offensive arms. 
 
c. Maximum levels:  The United States does not object to 
the proposed seven-year reduction period.  The United 
States acknowledges that the term "warhead," as used in 
the U.S. paper, does not correspond with the meaning of 
that term in the START Treaty.  However, as was pointed 
out in the U.S. paper, some START terminology and 
definitions will need to be changed to meet the needs of 
the new treaty. 
 
d. Counting Procedures: The United States has provided 
separately an explanation of the U.S. proposal for 
counting ICBMs, SLBMs, and heavy bombers, and is prepared 
to discuss it during the sessions of our talks in Geneva 
later this month. 
 
e. Data Base:  The U.S. and Russian proposals with respect 
to maintaining a data base appear to be similar, although 
details on newly constructed SOAs and exceptions for 
specified missiles will have to be clarified. 
 
f. Location:  The United States does not object to the 
concept of locational restrictions for SOAs; however, the 
United States opposes the proposed restriction on the 
basing of SOA only within the "continental portion" of 
each Party's national territory.  The United States does 
not object to inclusion of provisions similar to those in 
the START Treaty that would address the temporary 
stationing of heavy bombers outside national territory 
(but not the "continental portion" of national territory), 
in conjunction with the development of less stringent 
notification requirements for the temporary stationing of 
heavy bombers outside national territory for purposes not 
inconsistent with the treaty.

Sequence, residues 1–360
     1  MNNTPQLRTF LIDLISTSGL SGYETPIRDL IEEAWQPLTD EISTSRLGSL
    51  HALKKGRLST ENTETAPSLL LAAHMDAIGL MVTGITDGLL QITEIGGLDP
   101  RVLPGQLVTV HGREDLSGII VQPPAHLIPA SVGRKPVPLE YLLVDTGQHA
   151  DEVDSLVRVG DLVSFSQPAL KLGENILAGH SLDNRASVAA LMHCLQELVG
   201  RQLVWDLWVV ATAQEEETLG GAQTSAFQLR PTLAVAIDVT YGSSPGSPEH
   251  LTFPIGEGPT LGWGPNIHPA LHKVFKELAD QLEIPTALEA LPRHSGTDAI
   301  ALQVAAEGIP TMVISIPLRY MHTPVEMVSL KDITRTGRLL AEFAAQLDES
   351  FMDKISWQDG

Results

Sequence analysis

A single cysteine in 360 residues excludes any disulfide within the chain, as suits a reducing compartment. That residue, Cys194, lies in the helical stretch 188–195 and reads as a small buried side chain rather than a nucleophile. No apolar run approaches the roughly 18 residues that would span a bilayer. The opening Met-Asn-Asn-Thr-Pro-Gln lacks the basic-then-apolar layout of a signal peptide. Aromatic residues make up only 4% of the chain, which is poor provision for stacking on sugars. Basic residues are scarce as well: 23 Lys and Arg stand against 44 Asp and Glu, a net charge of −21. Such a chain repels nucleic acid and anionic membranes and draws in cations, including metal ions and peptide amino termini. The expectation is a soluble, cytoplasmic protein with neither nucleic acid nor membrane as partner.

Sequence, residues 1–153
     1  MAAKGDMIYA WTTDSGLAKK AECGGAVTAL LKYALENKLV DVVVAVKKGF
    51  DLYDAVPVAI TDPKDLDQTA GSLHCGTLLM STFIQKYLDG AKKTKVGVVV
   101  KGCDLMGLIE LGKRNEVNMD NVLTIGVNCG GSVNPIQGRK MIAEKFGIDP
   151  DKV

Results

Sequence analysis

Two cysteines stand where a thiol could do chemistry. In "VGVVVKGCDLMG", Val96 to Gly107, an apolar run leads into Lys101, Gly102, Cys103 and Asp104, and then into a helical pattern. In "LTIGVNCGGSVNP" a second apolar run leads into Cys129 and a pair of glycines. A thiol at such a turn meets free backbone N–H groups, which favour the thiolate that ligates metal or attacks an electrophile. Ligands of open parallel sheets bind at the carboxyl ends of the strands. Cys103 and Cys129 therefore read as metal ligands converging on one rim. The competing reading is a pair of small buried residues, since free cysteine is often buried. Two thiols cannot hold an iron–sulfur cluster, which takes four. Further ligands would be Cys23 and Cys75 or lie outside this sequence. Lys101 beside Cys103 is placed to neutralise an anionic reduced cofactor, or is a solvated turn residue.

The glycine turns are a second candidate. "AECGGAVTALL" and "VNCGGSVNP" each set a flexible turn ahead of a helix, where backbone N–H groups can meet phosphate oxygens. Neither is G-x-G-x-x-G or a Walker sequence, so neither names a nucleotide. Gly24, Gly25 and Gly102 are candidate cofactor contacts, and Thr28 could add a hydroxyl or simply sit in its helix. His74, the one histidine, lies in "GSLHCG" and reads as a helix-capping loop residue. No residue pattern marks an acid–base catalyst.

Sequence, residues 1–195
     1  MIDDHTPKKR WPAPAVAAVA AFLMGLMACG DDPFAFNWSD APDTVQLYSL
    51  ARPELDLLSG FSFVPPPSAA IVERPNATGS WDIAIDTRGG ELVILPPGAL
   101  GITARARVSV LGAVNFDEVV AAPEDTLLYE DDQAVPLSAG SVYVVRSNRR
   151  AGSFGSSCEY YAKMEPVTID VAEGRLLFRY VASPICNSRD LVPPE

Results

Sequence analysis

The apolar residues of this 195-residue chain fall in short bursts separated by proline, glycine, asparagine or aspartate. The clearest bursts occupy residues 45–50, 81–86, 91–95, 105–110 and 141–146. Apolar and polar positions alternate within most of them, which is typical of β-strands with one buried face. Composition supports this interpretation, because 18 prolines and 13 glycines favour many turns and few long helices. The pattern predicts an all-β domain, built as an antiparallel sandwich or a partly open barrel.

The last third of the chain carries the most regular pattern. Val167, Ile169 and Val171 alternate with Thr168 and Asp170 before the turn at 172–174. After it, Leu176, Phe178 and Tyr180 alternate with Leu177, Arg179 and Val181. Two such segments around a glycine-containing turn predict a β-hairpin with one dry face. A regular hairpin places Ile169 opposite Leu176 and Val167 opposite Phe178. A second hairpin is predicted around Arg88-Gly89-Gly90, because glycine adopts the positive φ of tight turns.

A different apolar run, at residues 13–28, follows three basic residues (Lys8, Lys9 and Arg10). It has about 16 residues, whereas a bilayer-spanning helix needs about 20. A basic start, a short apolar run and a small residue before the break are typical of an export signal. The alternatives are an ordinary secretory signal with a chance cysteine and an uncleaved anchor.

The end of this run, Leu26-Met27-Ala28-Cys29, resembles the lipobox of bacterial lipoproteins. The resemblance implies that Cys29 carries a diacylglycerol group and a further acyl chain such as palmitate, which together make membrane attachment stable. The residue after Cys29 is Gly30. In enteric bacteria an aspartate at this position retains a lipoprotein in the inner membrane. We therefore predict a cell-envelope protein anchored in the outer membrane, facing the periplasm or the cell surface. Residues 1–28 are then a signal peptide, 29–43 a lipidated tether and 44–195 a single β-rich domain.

g. Additional Limitations:  The United States opposes the 
Russian-proposed bans on ICBMs or SLBMs in non-nuclear 
configuration, as well as a ban on stationing heavy 
bombers with long-range nuclear ALCMs outside the 
continental portion of a Party's national territory. 
 
h. Notifications:  The United States agrees that the new 
treaty should retain the START notification regime, with 
adaptations as appropriate. 
 
i. Elimination and Conversion:  The United States agrees 
that conversion or elimination procedures should be made 
simpler and less expensive, while ensuring those 
procedures provide effective verification. 
 
j. Confidence-Building Measures:  The United States 
supports the development of suitable confidence building 
measures and believes the sides will need to consider 
whether they will be contained in the new treaty or be 
recorded in documents that are not part of the formal 
treaty. 
 
k. Use of NTM:  The United States supports carrying 
forward the START provisions associated with NTM. 
However, the United States does not believe that NTM and 
the verification measures proposed by the Russian 
Federation alone would be sufficient to provide effective 
verification of the Treaty as directed by our Presidents, 
particularly as it pertains to verification of mobile 
ICBMs.  Therefore, other START verification measures 
should also be carried forward. 
 
l. Inspections, Visits and Exhibitions:  The United States 
supports the development of the Russian proposals 
regarding inspections, visits, and exhibitions; however 
these matters and the distinctions between inspections and 
visits will need to be explored and developed in more 
detail.  The United States supports inclusion of 
provisions according privileges and immunities for 
inspectors and aircrew members. 
 
m. Bilateral Consultative Commission:  The United States 
supports the establishment of an oversight body and agrees 
that questions that do not affect the substance of the 
treaty can be referred to such a body for consideration 
and decision, in which case they would not be considered 
to be amendments to the treaty and thus not subject to 
ratification. 
 
n. Entry into force and Termination:  The United States 
does not object to the 10-year treaty duration proposed by 
the Russian Federation, but opposes the proposal to 
include specific reference to certain activities as cause 
for withdrawal from the treaty.  The United States 
supports a withdrawal clause that invokes the supreme 
national interest as reason for withdrawal.  The United 
States supports superseding the Strategic Offensive 
Reductions Treaty with the new treaty at entry into force 
of the new treaty. 
 
End text. 
CLINTON